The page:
That is why, if Robert Conquest had not been made, it would have been necessary to invent him. Conquest’s The Great Terror, first published in 1966, has claim to be on of the most important history books of the last century. As Orwell, Pasternak, Solzhenitsyn and Mandelstam did in literature, Conquest did with history, exposed the inherent evils of Soviet communism. There were no excuses, it was inherently oppressive and brutal, and Conquest showed this it stark and unrelenting detail.
The book was immediately attacked as western propaganda. Others, simply refused to believe what Conquest revealed. Conquest’s influence over the new cold warriors on the western right in the ‘eighties, especially his closeness to Maragret Thatcher, led left leaning intellectuals have an almost instinctive mistrust. More measured critics worried about the nature of his source base (for obvious reasons he was denied access to the Soviet archive), and questioned his figures (Conquest was to keep revising those in subsequent work, and did acknowledge lower totals than those he gave initially).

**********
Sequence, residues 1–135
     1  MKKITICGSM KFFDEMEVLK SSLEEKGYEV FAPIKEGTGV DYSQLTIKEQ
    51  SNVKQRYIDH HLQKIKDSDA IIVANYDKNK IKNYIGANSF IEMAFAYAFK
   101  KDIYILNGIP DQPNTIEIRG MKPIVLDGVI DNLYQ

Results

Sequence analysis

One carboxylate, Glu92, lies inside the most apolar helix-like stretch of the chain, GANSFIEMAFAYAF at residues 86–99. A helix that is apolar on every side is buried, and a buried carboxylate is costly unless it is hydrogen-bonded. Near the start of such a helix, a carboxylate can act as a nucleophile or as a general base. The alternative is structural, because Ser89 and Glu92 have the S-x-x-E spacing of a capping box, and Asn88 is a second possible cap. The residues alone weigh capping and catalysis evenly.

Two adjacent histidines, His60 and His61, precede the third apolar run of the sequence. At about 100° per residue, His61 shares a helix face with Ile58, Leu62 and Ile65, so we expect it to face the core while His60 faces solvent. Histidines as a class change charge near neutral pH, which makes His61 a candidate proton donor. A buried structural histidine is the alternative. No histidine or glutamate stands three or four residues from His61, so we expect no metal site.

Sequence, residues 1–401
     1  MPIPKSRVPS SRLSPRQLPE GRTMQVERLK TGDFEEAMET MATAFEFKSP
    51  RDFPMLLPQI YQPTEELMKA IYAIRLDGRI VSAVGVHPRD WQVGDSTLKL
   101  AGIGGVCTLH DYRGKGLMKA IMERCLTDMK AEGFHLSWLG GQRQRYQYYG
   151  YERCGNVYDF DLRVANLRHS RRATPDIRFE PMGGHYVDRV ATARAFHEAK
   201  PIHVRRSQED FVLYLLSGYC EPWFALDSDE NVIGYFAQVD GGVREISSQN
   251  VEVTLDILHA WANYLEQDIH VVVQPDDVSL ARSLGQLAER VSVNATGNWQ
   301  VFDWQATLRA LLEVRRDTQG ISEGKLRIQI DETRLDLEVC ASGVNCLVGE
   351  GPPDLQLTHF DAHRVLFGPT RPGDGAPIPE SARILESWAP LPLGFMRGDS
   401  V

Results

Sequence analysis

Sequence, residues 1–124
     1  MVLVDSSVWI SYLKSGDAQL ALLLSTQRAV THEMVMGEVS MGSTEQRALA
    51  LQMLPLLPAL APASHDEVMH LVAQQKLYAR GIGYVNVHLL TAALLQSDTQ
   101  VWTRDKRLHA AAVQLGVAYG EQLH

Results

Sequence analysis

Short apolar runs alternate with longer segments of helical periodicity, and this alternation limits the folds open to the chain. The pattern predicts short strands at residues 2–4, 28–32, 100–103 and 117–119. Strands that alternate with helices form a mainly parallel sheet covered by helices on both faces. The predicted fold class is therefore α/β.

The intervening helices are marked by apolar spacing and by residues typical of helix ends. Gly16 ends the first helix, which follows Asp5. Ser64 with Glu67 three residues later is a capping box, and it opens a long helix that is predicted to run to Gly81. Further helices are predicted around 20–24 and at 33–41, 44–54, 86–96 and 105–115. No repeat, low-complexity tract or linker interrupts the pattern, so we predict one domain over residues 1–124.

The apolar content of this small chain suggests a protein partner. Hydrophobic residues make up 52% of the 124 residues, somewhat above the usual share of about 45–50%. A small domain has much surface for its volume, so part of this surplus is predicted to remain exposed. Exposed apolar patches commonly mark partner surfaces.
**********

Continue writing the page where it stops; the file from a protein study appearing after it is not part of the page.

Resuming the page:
When that archive was opened, it showed that Conquest had got far more right than he had got wrong and, crucially, he had got the most important things very right. Stalin had not distorted Leninism, and Lenin was just as brutal, oppressive, violent and indifferent to human suffering. Back in the ‘thirties, many on the left persuaded themselves that the victims of the show trails were real traitors: in reality, as Conquest had shown, they were Stalin’s pursuit of potential rivals and old comrades who could dish the dirt on him. Of course others played their roles in the terror, but arguments that it was not led and controlled by Stalin were off the mark: it was. The mass murder and deportation of peasants happened, as did the starvation of Ukraine and Kazakhstan, and they were Stalin’s deliberate policy: ‘the war on the peasants’.